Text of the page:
Making Open Work
May 8–9, 2017: Training & Tutorials
May 10–11, 2017: Conference
Austin, TX

Functional programming with Kotlin

Hadi Hariri (JetBrains)
9:00am12:30pm Monday, May 8, 2017
Architecture
Location: Meeting Room 17 A
Level: Intermediate

Who is this presentation for?

  • Developers and architects

Prerequisite knowledge

  • Experience with Java or Kotlin

Materials or downloads needed in advance

  • A laptop (if you want to follow along with an IDE and JVM)

What you'll learn

  • Learn functional programming concepts and how to apply them

Description

Hadi Hariri explains the basics of functional programming using Kotlin—where it fits in with the object orientation paradigm and how to use it in your everyday work. Along the way, Hadi covers important functional programming concepts, such as as lambdas, higher-order functions, currying, partial functions, memoization, and monads, and demonstrates how and where to apply functional patterns to cut down boilerplate code and keep it maintainable.

While the workshop will use Kotlin, many of the concepts can be applied to other programming languages, such as Java 8.

Photo of Hadi Hariri

Hadi Hariri

JetBrains

Hadi Hariri leads the Developer Advocacy team at JetBrains. His passions include software architecture and web development. He has authored a couple of books and is a frequent contributor to developer publications. Hadi has been speaking at industry events for for nearly 15 years. He is the developer and creator of many things OSS, and he spends as much time as he can writing code. He is also an ASP.NET MVP and ASP.NET Insider. Hadi is based in Spain, where he lives with his wife and three sons.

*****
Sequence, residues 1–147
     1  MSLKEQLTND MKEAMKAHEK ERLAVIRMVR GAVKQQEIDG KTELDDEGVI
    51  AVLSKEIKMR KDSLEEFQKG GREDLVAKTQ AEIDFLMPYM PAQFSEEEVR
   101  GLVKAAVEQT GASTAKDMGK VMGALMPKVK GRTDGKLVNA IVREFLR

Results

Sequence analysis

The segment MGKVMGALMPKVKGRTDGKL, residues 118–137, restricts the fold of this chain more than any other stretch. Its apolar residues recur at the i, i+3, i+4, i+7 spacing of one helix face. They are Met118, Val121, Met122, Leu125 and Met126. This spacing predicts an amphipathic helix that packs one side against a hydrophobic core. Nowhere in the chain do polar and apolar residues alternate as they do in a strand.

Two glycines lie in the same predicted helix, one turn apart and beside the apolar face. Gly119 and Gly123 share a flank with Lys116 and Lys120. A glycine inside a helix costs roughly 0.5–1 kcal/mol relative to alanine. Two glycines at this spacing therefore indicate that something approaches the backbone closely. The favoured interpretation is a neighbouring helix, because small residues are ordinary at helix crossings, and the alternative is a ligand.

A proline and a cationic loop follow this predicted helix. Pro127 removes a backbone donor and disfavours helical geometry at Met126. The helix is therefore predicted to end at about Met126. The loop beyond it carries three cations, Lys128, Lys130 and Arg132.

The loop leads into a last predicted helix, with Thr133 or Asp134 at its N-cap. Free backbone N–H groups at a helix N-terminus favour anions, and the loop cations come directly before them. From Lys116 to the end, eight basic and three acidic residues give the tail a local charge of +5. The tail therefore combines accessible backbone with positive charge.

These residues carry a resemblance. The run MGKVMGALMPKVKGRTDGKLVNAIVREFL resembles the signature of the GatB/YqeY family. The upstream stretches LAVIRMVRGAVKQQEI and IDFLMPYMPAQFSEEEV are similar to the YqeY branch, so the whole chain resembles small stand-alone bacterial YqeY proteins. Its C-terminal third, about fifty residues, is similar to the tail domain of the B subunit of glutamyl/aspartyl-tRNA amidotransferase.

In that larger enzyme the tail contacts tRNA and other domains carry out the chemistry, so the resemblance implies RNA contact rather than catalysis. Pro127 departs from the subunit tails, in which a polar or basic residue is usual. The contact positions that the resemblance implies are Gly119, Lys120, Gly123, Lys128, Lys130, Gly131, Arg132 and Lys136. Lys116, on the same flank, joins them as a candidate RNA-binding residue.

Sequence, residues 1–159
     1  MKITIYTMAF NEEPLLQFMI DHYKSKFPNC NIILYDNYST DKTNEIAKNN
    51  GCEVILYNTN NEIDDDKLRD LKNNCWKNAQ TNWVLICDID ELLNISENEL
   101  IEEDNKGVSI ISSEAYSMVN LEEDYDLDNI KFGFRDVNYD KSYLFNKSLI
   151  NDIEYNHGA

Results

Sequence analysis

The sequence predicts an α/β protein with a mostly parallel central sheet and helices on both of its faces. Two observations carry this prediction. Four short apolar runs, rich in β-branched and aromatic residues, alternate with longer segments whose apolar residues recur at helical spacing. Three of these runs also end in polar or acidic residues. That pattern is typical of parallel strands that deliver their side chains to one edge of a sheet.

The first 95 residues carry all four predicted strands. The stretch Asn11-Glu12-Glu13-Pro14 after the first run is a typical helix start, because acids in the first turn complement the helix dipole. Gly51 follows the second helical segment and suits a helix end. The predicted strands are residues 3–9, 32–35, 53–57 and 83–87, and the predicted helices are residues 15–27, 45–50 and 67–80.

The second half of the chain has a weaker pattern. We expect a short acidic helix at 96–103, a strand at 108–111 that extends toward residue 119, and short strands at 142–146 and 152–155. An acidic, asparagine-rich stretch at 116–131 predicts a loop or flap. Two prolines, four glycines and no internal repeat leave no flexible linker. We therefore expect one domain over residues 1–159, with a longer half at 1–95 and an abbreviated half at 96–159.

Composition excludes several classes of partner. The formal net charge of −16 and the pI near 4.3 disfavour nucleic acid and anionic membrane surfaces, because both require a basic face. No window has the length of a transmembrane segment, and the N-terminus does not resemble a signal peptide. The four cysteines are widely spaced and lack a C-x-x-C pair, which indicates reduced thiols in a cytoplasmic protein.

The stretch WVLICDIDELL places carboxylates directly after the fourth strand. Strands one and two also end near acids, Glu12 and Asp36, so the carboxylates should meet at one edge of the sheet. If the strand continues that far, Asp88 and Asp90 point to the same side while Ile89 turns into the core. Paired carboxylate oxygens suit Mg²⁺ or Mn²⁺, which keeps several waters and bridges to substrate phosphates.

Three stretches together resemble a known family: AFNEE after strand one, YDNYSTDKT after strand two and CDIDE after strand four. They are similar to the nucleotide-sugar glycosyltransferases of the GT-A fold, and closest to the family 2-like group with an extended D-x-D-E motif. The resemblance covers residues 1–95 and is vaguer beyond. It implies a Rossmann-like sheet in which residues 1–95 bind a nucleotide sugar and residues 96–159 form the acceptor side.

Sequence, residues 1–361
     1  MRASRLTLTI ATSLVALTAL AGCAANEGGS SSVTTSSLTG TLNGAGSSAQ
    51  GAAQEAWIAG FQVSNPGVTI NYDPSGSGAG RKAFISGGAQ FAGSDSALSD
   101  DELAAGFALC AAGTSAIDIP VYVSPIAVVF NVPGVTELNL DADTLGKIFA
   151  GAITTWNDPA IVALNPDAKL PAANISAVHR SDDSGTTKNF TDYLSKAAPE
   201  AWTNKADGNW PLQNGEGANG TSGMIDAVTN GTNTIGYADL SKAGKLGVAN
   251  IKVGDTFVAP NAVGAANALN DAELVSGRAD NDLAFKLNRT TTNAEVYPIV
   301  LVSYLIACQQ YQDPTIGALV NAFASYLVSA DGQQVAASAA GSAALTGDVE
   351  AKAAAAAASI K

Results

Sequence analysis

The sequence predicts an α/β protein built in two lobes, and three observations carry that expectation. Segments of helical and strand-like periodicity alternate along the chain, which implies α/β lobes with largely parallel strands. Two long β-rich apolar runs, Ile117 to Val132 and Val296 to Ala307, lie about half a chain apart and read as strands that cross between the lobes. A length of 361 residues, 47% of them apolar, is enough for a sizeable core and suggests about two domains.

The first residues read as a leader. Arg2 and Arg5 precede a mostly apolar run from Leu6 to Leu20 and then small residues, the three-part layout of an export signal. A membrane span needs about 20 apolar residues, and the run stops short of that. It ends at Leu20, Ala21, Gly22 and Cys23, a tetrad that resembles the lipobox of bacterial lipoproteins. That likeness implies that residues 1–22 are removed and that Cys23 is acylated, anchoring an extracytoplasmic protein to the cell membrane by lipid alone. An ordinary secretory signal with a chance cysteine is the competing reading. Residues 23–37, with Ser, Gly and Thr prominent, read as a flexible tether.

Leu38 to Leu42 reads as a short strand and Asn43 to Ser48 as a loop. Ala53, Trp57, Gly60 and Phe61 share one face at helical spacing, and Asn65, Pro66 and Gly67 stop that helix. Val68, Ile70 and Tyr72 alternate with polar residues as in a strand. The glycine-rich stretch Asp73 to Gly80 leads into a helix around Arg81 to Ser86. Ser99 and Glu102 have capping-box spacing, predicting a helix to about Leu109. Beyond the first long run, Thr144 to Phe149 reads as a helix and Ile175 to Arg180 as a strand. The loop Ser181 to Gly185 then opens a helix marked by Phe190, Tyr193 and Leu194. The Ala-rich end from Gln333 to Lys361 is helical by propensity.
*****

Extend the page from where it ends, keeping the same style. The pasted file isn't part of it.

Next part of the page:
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Comments

Paige-David Peck |
04/14/2017 12:51pm CDT

I am in a Software engineering capstone class, and we are looking to ask questions for some speakers since we will not be able to make the conference this year. If you have time, could you answer my question?

Why do you prefer Kotlin over Java, on top of the popular reasons such as lack of null pointer exceptions and ability to cut down on boilerplate code, such as getters and setters.